COVID-19

Move to digital check-in, digital health scan, digital passports inevitable

For some years, airlines have expanded their fleets in anticipation of an ever-burgeoning demand for travel. The sector was subject to sustained global pressures, including a relatively weak economic environment resulting from trade tensions, including those between the US and China, as well as Brexit. These pressures were compounded by insecurities, due to fluctuating oil prices and geopolitical issues – factors which tend to impact the aviation sector more than others.

Airlines and airports around the world, including the UAE, are amongst some of the hardest hit due to travel bans and restrictions resulting from the coronavirus pandemic. With international traffic generally being restricted to repatriation flights and cargo, most aircraft around the world are grounded and airport halls are nearly empty.

With wafer-thin margins at the best of times, airlines and airports around the world are fighting for survival during the current crisis and liquidity is under tremendous stress. This reflects the substantial costs continuing to be incurred for staff, large terminals and aircraft ownership and lease costs, whilst revenues are minimal.

The International Air Traffic Association estimates that industry passenger revenues could be $242 billion, 44% below 2019 figures. In the wake of this crisis, the aviation sector has been seeking to contain costs and increase liquidity.

Even with the relaxation of travel restrictions in the coming weeks and months, these pressures will continue. Propensity to travel may be subdued due to economic and safety concerns, capacity at airports and on aircraft will be constrained due to social distancing and other safety requirements and local authorities are likely to regulate flights between countries subject to the state of local infection rates.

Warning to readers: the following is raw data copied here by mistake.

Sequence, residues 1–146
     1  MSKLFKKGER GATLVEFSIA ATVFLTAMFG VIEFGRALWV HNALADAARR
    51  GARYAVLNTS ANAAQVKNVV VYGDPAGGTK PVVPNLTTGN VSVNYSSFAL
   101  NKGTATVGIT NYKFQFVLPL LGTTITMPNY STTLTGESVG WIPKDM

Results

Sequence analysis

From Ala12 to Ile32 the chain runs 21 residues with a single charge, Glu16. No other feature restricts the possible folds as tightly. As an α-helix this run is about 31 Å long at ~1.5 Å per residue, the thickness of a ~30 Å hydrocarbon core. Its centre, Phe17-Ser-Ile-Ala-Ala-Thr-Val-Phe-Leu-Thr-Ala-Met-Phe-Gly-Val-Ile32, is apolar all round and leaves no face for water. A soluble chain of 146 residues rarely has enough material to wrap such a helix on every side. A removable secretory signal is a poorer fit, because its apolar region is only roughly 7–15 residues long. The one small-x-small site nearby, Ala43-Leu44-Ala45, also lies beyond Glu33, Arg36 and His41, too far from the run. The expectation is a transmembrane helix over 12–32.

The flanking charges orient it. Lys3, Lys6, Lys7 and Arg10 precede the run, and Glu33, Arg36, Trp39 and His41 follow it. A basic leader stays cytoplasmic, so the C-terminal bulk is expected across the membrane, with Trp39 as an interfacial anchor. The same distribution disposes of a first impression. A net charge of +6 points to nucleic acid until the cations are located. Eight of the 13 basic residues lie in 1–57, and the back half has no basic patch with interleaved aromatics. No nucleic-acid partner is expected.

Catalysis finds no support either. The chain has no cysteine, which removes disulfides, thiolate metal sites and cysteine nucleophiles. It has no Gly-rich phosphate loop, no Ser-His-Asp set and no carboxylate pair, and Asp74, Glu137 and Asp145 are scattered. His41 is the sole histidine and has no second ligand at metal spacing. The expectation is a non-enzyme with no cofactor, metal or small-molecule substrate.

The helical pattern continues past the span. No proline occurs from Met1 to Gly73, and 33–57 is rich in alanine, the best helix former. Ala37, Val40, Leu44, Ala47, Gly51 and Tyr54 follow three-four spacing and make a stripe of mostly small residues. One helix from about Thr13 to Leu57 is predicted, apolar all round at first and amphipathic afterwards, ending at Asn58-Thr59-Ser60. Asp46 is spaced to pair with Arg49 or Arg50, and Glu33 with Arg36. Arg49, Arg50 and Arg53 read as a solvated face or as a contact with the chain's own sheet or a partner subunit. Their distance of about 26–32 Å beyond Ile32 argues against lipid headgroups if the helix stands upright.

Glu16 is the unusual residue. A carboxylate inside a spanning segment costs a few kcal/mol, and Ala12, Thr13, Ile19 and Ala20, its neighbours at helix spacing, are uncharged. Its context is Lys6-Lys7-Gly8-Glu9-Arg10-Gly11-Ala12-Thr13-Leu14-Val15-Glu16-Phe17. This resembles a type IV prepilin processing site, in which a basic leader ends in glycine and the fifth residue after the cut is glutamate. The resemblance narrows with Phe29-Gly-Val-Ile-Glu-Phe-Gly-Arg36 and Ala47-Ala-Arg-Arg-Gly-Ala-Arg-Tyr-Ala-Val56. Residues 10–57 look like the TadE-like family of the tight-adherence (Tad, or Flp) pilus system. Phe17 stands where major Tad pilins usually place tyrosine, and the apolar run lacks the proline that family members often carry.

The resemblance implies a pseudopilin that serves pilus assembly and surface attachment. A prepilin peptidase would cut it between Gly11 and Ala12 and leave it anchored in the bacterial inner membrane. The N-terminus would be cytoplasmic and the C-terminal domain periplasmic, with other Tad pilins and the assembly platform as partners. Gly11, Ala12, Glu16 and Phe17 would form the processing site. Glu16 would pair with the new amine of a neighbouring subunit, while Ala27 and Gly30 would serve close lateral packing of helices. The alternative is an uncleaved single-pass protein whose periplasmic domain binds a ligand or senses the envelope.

Technology is likely to play an even greater role to help airlines and airports emerge from the crisis, which is likely to accelerate the adoption of automation and artificial intelligence at airports and on aircraft.

In the near future, passengers can expect increased touchless check-in and security processing, enhanced biotechnology to screen for symptoms, command centers at airports to maintain social distancing using heat maps and even the use of digital passports to certify passengers’ health.

Once travel restrictions are eased to pre-Covid-19 levels, adoption of technology at airports, in aircrafts and across the supply chain will continue at a rapid rate, as the industry seeks to become safer and lean. Airports will look to increasingly use artificial intelligence in order to reduce human interactions for security and customs clearances. This may include biometric facial recognition technology, virtual or augmented reality and automated baggage processing. Ultimately this will benefit consumers. Technology will help airlines to reduce cost and decrease ticket prices and improve customer experience at airports and on the aircraft.

Avtar Jalif, Partner, Head of Transport and Logistics, KPMG Lower Gulf.
Avtar Jalif, Partner, Head of Transport and Logistics, KPMG Lower Gulf.

 


Key takeaways

  • With wafer-thin margins, airlines and airports around the world are fighting for survival.
  • IATA estimates industry passenger revenues could be $242 billion, 44% below 2019 figures.
  • Technology is likely to play an even greater role to help airlines and airports emerge from the crisis.
  • This will accelerate automation and artificial intelligence at airports and on aircraft.
  • Passengers can expect touchless check-in, biotechnology for symptoms, social distancing using heat maps, use of digital passports.
  • Adoption of technology across supply chain will continue at rapid rate, as industry seeks to become safer and lean.

 

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